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U.S. Government Bonds Fall Amid Upcoming Supply, European Declines

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01/02/2018 | 10:25pm CET
By Daniel Kruger 

U.S. government bonds weakened Tuesday as a wave of short-term Treasury bill supply met with declines in prices for bonds in Germany and the U.K.

The yield on the benchmark 10-year U.S. Treasury note yield posted its biggest one-day jump since Dec. 19, rising to 2.465% from 2.409% Friday. Bond yields rise as prices fall.

Yields rose in Europe amid concerns that the strong euro may slow the European Central Bank from winding down easy money policies, which could lead to a pickup in consumer prices. Inflation is a threat to the value of long-term bonds, as it erodes the purchasing power of their fixed interest payments.

Investors also sold bonds to make room in anticipation of bond sales from companies including Berkshire Hathaway and GM Financial, and sovereign issuers such as Ireland and Belgium, some analysts said.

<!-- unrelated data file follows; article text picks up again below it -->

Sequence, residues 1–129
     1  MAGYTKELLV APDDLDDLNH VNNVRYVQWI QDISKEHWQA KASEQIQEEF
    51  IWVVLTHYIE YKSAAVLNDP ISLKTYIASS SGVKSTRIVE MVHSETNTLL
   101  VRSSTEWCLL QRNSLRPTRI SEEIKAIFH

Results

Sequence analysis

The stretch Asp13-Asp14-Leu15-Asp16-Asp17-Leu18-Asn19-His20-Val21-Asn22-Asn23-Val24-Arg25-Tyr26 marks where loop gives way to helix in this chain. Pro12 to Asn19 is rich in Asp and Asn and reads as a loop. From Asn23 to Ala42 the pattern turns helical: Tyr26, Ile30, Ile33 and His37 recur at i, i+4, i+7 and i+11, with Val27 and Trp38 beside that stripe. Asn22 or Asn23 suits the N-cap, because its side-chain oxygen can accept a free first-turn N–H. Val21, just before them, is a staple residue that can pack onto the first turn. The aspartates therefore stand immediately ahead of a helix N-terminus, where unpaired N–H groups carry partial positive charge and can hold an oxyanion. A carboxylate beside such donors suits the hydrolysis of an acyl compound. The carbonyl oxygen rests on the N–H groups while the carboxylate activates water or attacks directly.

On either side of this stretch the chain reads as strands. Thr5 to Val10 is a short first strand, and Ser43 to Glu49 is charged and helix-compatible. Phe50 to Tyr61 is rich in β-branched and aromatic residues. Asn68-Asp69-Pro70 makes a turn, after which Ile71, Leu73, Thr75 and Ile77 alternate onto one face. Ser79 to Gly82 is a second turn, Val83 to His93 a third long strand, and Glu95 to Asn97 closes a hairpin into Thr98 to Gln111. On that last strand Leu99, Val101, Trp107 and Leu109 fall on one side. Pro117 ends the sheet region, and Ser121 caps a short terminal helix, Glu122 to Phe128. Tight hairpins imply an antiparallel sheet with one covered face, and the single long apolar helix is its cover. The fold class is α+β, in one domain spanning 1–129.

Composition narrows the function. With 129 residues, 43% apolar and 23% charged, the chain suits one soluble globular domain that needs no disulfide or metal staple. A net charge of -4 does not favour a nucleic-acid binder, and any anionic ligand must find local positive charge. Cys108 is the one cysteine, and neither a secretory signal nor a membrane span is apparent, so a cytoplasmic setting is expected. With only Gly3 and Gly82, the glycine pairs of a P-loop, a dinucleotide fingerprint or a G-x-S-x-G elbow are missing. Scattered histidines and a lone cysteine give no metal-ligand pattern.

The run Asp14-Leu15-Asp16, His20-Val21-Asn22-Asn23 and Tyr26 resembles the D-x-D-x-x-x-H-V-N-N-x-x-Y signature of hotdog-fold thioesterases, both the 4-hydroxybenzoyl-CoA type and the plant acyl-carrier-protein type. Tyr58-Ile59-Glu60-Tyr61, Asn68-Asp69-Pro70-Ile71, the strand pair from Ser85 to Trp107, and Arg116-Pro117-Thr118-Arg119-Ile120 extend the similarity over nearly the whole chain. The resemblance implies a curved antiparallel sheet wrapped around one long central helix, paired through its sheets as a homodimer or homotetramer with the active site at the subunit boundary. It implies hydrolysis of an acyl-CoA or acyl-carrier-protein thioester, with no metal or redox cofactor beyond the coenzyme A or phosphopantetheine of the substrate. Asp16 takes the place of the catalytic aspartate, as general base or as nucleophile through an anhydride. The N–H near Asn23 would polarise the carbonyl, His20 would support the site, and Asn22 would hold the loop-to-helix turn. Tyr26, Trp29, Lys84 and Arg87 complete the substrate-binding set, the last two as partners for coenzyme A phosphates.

"There's a lot of anticipation that corporate supply will build pretty heavily in January," while an increase in European government-debt offerings is putting "a great deal of selling pressure" on Treasurys as they often trade in the same direction, said Thomas di Galoma, head of trading at Seaport Global Holdings. "There's some real nervousness as we start the new year that yields might slide," said Mr. di Galoma, adding that the 10-year yield could reach as high as 2.75%.

The yield on the two-year Treasury note posted its biggest one-day gain since Oct. 16, as the Treasury sold $160 billion of short-term bills with maturities ranging between one month and one year. The two-year Treasury closed at 1.923%, the highest since September 2008.

The Treasury Department said in November that it intends to increase borrowing in short-term securities as the budget deficit begins to rise. The deficit in 2017 was $666 billion, and will it face upward pressure from the tax overhaul bill signed by President Donald Trump in December, which is expected to add more than $100 billion annually over the next 10 years.

Write to Daniel Kruger at [email protected]

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